On June 11, 2012, we welcomed our first child, Elleanor, to the world. She was healthy and we were able to take her home and try our hand at this parenting thing.
She was growing normally, but would make this weird grunting sound. At two months old I showed her pediatrician a video I took of her falling asleep and doing this odd “grunt,” so he put her on zantac for reflux. By one year old, she was off the charts for height and head circumference and so her doctor said we would watch it, but it’s nothing. By 18 months, I knew something was wrong. She still had breast tissue, there was a good amount of dark hair in her pubic area, and was doing these weird laughs. At two years old, we finally switched pediatricians and he immediately said it looked like precocious puberty and scheduled us an appointment with an endocrinologist two months later. We were so happy to just have someone believe us and see that something was off!
The day before Elleanor was supposed to see the endocrinologist, she woke up with blood filled underwear. She was 26 months old and we were in a state of shock. Throughout the day she kept bleeding heavily and I had to put her back in diapers to hold the blood. Luckily she was so young and liked having “red pee pee” so it did not seem to scare her as much as it scared me!
The next day we saw the endocrinologist. We did all the routine exams where we found out her bone age was that of a 4-5 year old and she had a very large ovarian growth. They were very worried about the growth being cancerous so they told me to get my husband home (he was in New York City) and we would operate the next day to remove her entire ovary. We were basically told to prepare to begin chemo. It was heartbreaking.
Well, the procedure went great and, shockingly, it was just a very weird looking cyst. They were sure that was causing the precocious puberty so they said to wait a couple months and report back.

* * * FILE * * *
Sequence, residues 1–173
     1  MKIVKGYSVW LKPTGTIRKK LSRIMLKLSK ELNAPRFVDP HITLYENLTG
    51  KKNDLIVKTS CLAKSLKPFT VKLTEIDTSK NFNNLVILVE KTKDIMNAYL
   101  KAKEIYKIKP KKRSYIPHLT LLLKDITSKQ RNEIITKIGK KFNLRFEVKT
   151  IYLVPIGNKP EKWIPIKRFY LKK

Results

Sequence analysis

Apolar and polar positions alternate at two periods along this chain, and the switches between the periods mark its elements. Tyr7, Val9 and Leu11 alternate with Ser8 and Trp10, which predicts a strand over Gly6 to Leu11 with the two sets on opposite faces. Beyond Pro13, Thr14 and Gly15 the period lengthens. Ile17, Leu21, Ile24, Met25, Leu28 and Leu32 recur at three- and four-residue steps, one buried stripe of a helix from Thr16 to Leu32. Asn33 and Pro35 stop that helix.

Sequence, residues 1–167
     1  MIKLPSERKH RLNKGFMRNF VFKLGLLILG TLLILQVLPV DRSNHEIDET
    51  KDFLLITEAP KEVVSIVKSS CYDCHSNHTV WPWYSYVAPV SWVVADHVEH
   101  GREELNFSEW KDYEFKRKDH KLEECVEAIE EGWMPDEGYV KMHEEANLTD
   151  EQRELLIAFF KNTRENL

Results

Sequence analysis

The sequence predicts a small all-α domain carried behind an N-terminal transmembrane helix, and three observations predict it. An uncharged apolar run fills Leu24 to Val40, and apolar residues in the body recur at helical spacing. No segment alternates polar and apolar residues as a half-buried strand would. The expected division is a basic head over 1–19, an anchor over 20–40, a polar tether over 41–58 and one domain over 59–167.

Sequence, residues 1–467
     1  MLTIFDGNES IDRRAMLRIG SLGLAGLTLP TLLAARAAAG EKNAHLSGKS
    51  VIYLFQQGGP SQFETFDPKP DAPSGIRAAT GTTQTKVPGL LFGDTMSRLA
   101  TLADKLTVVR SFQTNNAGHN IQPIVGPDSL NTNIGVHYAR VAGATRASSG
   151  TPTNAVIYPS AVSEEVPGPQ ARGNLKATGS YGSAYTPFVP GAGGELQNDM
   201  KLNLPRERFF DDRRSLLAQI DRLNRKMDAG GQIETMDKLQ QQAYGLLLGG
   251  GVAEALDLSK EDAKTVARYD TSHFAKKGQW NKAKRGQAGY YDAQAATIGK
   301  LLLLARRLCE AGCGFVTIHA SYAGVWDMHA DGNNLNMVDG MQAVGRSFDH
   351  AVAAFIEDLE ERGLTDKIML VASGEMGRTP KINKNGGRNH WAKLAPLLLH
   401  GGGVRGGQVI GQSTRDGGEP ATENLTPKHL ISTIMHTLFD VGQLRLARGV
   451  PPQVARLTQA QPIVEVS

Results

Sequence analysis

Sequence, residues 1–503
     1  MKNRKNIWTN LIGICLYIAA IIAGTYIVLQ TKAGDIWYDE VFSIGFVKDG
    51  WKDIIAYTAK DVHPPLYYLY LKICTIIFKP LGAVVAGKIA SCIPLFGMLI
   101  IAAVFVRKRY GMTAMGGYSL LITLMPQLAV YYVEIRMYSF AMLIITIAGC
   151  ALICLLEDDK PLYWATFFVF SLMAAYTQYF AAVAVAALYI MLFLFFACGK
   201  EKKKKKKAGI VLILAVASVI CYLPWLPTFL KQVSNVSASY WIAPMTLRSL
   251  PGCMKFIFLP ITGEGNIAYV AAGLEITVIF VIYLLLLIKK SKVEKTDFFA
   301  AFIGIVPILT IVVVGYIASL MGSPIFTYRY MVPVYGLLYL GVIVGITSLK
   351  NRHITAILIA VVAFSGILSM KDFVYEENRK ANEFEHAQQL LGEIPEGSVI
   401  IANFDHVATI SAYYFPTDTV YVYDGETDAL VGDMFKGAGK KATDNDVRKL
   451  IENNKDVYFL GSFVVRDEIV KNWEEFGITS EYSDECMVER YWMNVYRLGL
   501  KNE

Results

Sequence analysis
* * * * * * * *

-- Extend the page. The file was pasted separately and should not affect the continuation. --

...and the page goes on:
One month later, the bleeding started again and no previous symptoms had gone away. We decided to do quarterly injections to halt the puberty. At this same time, I started researching about her odd “laugh” that was becoming more and more frequent throughout the day, especially when she was really excited or nervous. She was becoming more timid in social situations and could not handle loud noises. I knew something was off. I found Hope for HH and all the signs and symptoms started making sense. This was for sure what she had, we just needed proof.
Our endocrinologist didn’t know much about it, but referred us to a neurologist who knew even less about it, who finally referred us to an epileptologist who knew a lot about it. He got us an MRI, confirmed the HH (type 3, I believe) and started her on epilepsy medicine. The medicine did not take away the gelastic seizures, but he was hoping it would prevent any other seizure type from starting. We did this for almost a year before we knew we needed to try something else.
We called Barrow and Texas Children’s Hospital in October of 2014 for consults. After a lot of research, we opted to have the laser ablation procedure performed by Dr. Curry at TCH. He told us her HH was in a very difficult spot and was an odd shape, so we might have to do it twice, but it was a much better option than opening her up since in every other aspect of life, she was doing wonderfully (considering the circumstances).